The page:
Launching an NFT Project – The Essential Legal Elements Part 5 – Terms of Business
This is Part 5 of our series on the essential legal elements of an NFT project, and in it we will look at the importance of having T&Cs in place.
Define Your Project
“Read the T&Cs” is an oft used phrase, but as a litigator, I can tell you it’s very true; the Terms and Conditions of business are first place we look if there is any dispute or question as to the responsibilities and rights owed by the parties to each other.
In respect of an NFT project, you need clear Terms and Conditions in place when selling NFTs. Those T&Cs define the relationship, the rights and obligations owed between the project’s corporate entity (whatever corporate entity you decided upon) and the purchaser.
The T&Cs will typically echo the Smart Contract (as we have discussed in Part 3 of this series) however they will also appear on the website, before the minting/sale.
Why is this important? The relationship is a business to consumer (the purchaser) sale. As a ‘consumer’, the NFT purchaser will enjoy consumer protections: certain liabilities cannot be excluded when dealing with them, all terms must be clear and brought to the consumer’s attention before purchase (to name but a few).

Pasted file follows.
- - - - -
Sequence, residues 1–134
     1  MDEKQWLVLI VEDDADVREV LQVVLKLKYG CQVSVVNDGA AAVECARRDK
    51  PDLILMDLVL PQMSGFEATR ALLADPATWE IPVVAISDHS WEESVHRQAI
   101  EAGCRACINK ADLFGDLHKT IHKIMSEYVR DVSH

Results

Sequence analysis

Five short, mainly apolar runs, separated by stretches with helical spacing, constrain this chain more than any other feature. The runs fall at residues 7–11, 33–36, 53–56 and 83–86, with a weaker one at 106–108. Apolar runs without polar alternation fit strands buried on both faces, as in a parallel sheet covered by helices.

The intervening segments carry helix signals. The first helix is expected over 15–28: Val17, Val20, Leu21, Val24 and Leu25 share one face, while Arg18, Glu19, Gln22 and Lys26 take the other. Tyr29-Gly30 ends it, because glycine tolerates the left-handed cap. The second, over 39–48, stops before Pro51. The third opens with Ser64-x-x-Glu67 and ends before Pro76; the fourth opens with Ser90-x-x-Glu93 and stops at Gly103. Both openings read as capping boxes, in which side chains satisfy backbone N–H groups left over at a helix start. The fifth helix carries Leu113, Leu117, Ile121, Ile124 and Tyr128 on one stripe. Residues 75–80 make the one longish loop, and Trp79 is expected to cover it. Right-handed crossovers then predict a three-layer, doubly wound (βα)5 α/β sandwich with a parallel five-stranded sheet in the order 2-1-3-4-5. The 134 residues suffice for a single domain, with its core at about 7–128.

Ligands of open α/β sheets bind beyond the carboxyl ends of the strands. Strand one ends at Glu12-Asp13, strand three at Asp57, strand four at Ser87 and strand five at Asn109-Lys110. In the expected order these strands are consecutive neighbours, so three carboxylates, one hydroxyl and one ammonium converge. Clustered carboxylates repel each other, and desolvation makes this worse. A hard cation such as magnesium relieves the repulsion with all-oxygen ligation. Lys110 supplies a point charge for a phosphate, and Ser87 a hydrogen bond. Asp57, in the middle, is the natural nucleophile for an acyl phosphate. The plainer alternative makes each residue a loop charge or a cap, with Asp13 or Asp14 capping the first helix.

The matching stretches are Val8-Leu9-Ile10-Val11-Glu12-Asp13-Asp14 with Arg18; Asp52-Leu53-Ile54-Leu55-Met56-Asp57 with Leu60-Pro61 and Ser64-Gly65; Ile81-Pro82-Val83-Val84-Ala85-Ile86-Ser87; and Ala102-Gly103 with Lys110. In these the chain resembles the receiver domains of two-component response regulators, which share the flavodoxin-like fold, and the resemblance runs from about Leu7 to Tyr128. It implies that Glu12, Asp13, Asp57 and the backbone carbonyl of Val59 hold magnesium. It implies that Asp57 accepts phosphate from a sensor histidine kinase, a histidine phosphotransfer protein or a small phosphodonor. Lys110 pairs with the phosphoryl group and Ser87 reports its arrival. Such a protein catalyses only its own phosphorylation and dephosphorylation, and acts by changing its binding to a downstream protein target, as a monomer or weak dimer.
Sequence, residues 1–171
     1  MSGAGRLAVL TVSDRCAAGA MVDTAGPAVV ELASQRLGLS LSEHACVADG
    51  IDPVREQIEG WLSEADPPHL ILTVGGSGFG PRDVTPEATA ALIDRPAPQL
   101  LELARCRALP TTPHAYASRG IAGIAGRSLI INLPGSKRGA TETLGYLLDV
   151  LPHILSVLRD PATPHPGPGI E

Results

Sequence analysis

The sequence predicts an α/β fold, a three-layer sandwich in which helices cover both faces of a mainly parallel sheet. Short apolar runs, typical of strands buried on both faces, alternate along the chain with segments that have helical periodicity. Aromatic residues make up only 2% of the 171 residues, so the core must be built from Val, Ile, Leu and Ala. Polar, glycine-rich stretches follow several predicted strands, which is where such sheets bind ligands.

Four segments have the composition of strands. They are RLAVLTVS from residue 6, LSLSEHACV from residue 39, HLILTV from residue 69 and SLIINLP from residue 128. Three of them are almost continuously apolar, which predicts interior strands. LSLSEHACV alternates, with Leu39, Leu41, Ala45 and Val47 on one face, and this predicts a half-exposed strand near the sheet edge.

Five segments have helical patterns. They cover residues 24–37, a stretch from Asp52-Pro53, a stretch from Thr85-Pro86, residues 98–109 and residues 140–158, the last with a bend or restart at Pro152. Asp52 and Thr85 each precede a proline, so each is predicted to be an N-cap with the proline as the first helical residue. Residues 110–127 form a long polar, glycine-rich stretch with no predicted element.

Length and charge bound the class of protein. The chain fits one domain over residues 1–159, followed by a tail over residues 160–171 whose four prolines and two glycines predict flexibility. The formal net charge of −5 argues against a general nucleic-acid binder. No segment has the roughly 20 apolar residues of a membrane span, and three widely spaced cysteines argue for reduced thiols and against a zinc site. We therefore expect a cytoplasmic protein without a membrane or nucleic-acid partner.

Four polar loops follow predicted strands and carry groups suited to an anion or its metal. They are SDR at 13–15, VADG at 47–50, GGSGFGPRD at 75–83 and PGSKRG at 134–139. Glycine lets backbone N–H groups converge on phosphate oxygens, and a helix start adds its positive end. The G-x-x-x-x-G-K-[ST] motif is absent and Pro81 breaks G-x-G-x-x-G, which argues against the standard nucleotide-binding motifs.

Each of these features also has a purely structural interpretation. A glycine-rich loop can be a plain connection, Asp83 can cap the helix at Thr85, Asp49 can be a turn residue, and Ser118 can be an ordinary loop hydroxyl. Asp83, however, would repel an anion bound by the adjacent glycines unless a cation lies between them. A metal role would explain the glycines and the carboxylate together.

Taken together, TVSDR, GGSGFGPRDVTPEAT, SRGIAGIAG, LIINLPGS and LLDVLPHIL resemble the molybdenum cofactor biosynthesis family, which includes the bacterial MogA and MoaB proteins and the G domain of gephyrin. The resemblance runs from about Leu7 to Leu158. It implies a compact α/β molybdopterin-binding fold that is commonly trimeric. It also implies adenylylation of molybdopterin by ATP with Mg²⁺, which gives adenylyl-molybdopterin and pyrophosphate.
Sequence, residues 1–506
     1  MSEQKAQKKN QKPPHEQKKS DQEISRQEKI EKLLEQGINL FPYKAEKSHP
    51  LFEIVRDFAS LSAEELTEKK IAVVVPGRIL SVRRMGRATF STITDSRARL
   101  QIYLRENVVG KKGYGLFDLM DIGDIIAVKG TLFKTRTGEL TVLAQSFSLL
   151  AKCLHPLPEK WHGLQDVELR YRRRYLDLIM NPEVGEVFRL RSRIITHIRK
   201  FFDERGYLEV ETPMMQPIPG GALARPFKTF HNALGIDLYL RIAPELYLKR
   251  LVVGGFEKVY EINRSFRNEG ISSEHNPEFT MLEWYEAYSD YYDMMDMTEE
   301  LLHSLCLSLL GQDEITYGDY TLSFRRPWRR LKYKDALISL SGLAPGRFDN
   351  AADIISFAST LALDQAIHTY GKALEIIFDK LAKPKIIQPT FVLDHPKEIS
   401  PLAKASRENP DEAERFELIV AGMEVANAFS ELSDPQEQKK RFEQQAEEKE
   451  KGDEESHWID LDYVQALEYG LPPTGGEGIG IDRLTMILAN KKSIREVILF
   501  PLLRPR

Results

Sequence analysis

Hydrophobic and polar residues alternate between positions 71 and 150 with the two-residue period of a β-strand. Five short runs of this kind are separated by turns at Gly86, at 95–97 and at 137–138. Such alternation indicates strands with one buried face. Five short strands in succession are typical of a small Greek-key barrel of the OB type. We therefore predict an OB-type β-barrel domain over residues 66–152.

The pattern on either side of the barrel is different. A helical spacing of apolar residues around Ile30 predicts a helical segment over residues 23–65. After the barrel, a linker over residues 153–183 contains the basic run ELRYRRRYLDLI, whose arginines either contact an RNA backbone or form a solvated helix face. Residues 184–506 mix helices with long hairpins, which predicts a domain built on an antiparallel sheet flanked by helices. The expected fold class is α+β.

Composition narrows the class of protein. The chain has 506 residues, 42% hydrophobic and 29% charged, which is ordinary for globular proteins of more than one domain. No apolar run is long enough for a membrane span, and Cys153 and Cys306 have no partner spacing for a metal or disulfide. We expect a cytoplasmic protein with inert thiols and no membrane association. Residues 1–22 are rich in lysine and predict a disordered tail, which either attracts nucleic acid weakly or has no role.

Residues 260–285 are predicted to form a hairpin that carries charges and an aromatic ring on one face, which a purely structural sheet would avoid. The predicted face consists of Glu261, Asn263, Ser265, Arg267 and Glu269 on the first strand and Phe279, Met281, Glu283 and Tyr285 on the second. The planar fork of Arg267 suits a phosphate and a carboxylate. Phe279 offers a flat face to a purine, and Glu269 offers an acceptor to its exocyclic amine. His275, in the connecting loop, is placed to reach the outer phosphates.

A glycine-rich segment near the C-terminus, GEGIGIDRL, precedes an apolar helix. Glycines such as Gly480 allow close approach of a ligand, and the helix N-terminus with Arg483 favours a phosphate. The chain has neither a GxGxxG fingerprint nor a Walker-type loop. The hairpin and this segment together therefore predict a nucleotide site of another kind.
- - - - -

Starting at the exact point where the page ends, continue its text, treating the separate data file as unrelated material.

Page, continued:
In other words, an NFT project cannot rely on ‘caveat emptor’ being plastered in large font text all over its website. Great care must be taken at this stage, as any court battle will likely side with the consumer.
On these lines, you’ll also need to ensure your whitepaper (the document describing and promoting the project), is up to date, clearly set out and is brought to the purchaser’s attention before purchase, to avoid (or better protect against) any future allegations of mis-selling.
It is recommended that legal advice is sought in respect of the above, particularly as the above terms and policies will be NFT and crypto-specific so as to limit liability and clearly define the relationship with the NFT purchaser.
If you would like to discuss this further, please contact our Head of Intellectual Property, Will Charlesworth.
In Part 6 of this series, we will consider the branding element of the project, and how vital IP belonging to the project can be protected.